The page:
I'm not sure what exactly you think we have that is going to kill every living thing on earth. Weaponized biological agents are engineered to infect humans. The majority of species are immune to them, just as we humans tend to be immune to diseases that infect trees or fish. These are also things that have been around for ages without destroying the biosphere. We modern humans didn't create anthrax; we merely engineered some more lethal strains of it. Besides which, many such agents are themselves biotic in nature. Even if anthrax somehow managed to kill off every other species on the planet, there would still be life on earth in the form of anthrax.
As for the world's nuclear arsenal, many weapons would probably decay over time rather than spontaneously detonate. If detonations did occur, the effects would be highly localized. Even if these resulted in thousands of years of local contamination, that is still an extremely short time on the biological scale, and the rest of the world would be minimally affected.
A nuclear war would be another story, but even then the bombs would be focused on the human population centers, not spread evenly across the globe. Nobody is likely to target Antarctica or the ocean floor for nuclear destruction. A nuclear war would cause severe global climate change, and this would lead to mass extinction, but life has survived plenty of mass extinctions before, and it would survive again were this to happen.
Is a stable micro black hole even dangerous? The numbers I've seen show a black hole like this would behave more or less like a neutrino. Maybe hitting an atom every few thousand or million years. The sun will enter its red giant stage, destroy Earth, and shrink down to a white dwarf before the black hole gains any significant mass. I don't think we will care much at that point.
It sounds like one stable micro black hole would not be dangerous. From the estimates I've heard, the LHC could produce as many as 1 black hole per second. I'm not clear on what proportion of its time the LHC would actually be running, but suppose that over the course of its lifetime, it spends 1 full year colliding particles.
One stable micro black hole might be safe. What about 30,000,000 of them?
What makes it a black hole isn't the absolute strength of its gravity. It's the fact that it's compressed, which means that you can get much, MUCH closer to its center of mass. Remember, the force of gravity is inversely proportional to the square of distance, and that makes the force skyrocket as you get closer and closer.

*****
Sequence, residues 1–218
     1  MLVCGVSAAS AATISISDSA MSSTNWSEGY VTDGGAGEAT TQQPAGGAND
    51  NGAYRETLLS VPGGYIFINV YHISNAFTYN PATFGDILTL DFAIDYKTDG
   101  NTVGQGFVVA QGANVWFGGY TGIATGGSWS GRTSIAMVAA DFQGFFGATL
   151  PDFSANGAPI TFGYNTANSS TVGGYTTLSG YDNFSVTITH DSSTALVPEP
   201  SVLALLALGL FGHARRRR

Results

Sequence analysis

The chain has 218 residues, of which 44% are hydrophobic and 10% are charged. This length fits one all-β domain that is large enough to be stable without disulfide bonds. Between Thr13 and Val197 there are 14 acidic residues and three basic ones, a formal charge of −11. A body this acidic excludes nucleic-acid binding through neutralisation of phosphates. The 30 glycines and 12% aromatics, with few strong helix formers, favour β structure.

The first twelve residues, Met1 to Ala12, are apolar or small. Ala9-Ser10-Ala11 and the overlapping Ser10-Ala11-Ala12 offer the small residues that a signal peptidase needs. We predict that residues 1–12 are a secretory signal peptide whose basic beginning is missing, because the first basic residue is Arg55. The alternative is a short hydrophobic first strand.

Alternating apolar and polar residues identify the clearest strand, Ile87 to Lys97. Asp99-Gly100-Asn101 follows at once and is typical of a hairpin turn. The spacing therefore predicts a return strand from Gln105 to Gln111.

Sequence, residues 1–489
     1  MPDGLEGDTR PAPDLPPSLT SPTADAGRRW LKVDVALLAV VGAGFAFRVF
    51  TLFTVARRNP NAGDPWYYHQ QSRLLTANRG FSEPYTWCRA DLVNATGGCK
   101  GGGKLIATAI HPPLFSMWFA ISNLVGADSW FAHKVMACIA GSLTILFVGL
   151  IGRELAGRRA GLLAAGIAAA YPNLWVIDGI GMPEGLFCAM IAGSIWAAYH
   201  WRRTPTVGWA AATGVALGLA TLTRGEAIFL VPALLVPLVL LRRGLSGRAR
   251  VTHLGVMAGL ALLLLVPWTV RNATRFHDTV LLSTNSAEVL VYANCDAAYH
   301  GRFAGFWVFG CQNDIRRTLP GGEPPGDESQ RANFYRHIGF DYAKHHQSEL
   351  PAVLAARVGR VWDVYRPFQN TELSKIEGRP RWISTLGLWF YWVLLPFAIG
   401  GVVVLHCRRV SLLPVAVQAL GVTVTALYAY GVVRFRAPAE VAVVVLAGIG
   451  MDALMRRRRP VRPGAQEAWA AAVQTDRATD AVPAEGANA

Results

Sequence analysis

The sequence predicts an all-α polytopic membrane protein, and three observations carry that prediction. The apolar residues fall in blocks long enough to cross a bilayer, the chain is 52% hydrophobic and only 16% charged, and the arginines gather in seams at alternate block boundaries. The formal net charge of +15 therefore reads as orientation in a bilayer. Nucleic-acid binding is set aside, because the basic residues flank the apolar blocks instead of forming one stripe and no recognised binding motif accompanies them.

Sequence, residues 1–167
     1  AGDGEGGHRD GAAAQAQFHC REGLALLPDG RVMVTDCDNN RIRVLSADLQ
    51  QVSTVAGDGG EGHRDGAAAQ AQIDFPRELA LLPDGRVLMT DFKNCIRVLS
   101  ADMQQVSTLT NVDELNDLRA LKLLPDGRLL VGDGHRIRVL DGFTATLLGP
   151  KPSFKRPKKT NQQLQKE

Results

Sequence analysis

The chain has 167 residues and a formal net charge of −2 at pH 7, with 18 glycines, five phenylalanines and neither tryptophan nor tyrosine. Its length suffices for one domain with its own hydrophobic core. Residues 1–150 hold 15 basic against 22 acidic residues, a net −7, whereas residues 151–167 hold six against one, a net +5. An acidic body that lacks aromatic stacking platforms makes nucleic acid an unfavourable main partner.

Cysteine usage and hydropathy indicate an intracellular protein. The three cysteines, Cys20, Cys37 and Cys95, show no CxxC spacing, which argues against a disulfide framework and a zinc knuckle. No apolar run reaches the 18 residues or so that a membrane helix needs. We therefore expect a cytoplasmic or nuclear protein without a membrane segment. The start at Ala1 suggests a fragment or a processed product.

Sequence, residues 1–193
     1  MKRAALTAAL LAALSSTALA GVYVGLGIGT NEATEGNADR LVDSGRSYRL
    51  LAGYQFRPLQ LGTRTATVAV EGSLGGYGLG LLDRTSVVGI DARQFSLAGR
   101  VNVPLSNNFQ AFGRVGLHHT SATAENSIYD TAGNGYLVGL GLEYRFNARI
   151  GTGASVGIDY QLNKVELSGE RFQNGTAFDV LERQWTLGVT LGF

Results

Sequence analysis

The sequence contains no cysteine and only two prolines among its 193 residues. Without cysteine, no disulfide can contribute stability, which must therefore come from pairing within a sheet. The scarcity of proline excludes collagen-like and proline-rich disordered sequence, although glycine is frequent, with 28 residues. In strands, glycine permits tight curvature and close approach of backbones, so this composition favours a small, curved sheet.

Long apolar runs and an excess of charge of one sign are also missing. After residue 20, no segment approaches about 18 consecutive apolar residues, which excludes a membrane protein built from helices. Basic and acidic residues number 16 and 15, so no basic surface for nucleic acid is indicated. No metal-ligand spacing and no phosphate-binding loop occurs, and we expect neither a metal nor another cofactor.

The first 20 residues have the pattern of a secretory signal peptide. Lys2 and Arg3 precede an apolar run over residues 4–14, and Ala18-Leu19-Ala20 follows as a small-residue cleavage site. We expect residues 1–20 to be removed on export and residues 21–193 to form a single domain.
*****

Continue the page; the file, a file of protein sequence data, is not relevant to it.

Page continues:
Conceptually, take your lead ball and place a particle at the surface, say a centimeter away from its center of mass. The gravitational force on the particle is negligible. Now collapse the lead ball into a black hole - its radius is now something like 10^-30 meters. While the particle is still a centimeter away, the force it experiences remains unchanged - but move it to the surface (the event horizon) once again, and it is now 10^28 times closer than it was before. The gravitational force on it increases by a factor of 10^56!
As an aside, a stellar mass black hole isn't the size of an atomic nucleus. It's about 30 km in radius, or about the size of Rhode Island.
So ironically, the earth would actually be destroyed by its own gravity, not that of the black hole.
Okay, firstly, a 23% sales tax isn't going to add $6 to the price of a $5 item, so it should be immediately obvious that your numbers are off. The actual final prices will be $5 * (1 +
Secondly, assume for the moment your figures were correct. Then Wal-Mart does have the advantage, because what is important is the difference between the percentages, which grows, and not the fact that both percentages increased by the same factor. However, since the percentages actually decrease by the same factor, the difference shrinks, and Wal-Mart in fact appears to be losing advantage under FairTax.
Maybe Computer Science should be in the College of Theology. -- R. S. Barton